Accounting Treatment for Involuntary Conversions

By definition, an involuntary conversion is a mandatory liquidation of assets, such as a loss due to destruction (i.e., fire, hail, flooding, hurricane, tornado, etc.), theft, condemnation, or repossession, and the lost property is replaced by another asset such as cash or insurance proceeds.

Under generally accepted accounting principles (GAAP), the difference between the asset lost (building) and the asset received (cash) is then recognized as a gain or a loss. If the loss occurs in one year and the proceeds from the insurance company are received in the following year, then the assets lost should be recorded as a disposition from the books. The assets to be received, however, should not be recorded unless the assets to be received are determinable (i.e., the insurance company has already provided you with the amount of insurance proceeds you will receive). Moreover, if the total insurance recoveries amount to more than your total loss, you cannot recognize the incremental benefit until the cash is received.

For example, if you lose a restaurant due to fire damage in 2015 with an asset cost of $500,000 and accumulated depreciation of $250,000, you would record the following journal entry:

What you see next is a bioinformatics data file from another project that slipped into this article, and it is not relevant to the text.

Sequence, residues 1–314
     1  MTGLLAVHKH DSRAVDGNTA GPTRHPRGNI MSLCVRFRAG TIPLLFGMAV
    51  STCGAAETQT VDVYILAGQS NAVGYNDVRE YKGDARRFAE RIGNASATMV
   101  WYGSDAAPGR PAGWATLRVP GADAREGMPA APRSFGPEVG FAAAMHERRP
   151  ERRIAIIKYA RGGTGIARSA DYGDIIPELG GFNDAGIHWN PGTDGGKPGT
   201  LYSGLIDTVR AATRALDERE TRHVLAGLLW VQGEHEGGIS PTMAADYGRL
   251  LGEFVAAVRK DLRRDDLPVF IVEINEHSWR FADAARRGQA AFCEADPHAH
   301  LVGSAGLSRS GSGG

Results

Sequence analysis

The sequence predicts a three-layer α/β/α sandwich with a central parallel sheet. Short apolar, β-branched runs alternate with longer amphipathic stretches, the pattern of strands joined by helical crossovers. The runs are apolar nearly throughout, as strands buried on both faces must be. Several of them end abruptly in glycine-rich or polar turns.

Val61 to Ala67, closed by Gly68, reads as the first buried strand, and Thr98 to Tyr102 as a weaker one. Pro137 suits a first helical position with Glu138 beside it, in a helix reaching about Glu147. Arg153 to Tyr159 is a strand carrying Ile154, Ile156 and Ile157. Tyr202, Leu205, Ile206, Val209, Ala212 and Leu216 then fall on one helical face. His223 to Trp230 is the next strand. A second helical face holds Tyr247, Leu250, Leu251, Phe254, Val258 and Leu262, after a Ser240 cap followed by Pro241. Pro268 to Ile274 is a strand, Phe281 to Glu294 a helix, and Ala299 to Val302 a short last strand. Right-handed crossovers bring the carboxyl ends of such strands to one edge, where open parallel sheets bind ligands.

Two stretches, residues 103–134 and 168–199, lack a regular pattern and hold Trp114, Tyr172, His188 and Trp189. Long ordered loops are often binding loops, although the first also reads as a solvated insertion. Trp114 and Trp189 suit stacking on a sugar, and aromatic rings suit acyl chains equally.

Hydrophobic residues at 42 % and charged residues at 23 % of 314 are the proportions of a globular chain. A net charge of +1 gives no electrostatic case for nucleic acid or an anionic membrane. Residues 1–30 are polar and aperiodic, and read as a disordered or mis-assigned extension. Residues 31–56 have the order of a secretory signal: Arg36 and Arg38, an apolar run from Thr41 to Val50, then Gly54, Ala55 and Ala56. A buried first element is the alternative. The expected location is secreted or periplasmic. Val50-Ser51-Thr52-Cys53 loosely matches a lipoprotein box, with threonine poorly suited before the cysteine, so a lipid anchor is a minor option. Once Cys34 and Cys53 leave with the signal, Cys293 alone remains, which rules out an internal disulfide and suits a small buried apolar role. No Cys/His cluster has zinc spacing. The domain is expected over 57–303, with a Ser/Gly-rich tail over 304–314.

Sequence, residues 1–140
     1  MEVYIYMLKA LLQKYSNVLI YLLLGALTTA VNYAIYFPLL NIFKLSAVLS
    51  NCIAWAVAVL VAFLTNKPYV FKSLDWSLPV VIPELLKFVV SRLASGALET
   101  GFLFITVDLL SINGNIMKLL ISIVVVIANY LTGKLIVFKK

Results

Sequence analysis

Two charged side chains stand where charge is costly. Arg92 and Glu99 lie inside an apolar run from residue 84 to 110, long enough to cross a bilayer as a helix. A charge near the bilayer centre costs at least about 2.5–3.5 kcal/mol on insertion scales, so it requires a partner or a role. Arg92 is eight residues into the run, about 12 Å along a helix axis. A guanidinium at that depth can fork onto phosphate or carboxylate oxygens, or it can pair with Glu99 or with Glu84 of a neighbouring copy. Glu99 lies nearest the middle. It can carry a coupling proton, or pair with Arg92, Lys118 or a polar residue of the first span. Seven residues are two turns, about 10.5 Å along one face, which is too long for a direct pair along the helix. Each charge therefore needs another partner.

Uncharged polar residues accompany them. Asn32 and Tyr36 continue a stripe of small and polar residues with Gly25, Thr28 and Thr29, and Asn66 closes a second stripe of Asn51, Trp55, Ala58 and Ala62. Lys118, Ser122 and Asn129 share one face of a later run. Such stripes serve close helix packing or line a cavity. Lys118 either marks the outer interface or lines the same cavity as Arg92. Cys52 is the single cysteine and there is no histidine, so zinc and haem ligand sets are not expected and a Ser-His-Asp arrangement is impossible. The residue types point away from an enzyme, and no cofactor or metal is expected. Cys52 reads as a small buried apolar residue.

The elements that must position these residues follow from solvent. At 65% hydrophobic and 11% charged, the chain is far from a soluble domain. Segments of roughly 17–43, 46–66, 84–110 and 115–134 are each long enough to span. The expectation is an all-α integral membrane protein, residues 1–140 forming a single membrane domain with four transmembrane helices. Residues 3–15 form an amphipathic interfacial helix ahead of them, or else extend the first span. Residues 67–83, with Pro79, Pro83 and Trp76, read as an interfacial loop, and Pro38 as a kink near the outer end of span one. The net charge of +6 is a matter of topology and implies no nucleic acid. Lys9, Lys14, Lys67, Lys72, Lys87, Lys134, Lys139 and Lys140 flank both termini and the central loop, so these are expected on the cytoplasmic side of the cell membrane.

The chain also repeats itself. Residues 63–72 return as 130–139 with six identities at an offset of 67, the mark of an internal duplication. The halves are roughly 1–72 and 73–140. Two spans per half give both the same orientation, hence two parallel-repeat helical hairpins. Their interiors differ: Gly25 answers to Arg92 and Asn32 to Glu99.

Accumulated depreciation $250,000
   Gain/loss on disposal of assets $250,000
   Building  $500,000

If you received insurance proceeds totaling $300,000, you would record the following journal entry:
   Cash $300,000
   Gain/loss on disposal of assets  $300,000
If you are required to or choose to rebuild the restaurant, all costs to rebuild the restaurant using insurance proceeds should be capitalized, even if you do not own the building (lessee). The costs should not be netted against the insurance proceeds. If the cost to rebuild the restaurant was $375,000, you would record the following journal entry:
   Building $375,000
   Cash  $375,000
The important thing to remember is that the loss, the receipt of the insurance proceeds, and the rebuild should all be treated as separate transactions.

This post previously ran on the Selections blog on June 12, 2013

For more information on accounting treatment for involuntary conversions, contact Dustin Minton at [email protected], and be sure to keep up with the Practice’s latest thoughts by following us on Twitter at @BDORestaurant.